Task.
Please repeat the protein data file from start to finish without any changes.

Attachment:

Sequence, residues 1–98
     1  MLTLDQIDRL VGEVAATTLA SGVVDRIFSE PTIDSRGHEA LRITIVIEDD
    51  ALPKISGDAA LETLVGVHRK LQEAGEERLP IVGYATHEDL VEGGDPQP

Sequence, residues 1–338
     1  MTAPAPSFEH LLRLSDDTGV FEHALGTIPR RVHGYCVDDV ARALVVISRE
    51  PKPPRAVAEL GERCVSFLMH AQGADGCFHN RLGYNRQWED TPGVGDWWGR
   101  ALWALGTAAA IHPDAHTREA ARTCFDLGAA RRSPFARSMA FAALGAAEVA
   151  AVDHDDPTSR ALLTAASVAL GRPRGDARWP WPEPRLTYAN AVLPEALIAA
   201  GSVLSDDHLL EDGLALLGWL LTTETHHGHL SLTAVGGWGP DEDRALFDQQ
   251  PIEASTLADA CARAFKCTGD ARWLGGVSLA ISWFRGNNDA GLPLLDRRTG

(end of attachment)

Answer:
Sequence, residues 1–98
     1  MLTLDQIDRL VGEVAATTLA SGVVDRIFSE PTIDSRGHEA LRITIVIEDD
    51  ALPKISGDAA LETLVGVHRK LQEAGEERLP IVGYATHEDL VEGGDPQP

Sequence, residues 1–338
     1  MTAPAPSFEH LLRLSDDTGV FEHALGTIPR RVHGYCVDDV ARALVVISRE
    51  PKPPRAVAEL GERCVSFLMH AQGADGCFHN RLGYNRQWED TPGVGDWWGR
   101  ALWALGTAAA IHPDAHTREA ARTCFDLGAA RRSPFARSMA FAALGAAEVA
   151  AVDHDDPTSR ALLTAASVAL GRPRGDARWP WPEPRLTYAN AVLPEALIAA
   201  GSVLSDDHLL EDGLALLGWL LTTETHHGHL SLTAVGGWGP DEDRALFDQQ
   251  PIEASTLADA CARAFKCTGD ARWLGGVSLA ISWFRGNNDA GLPLLDRRTG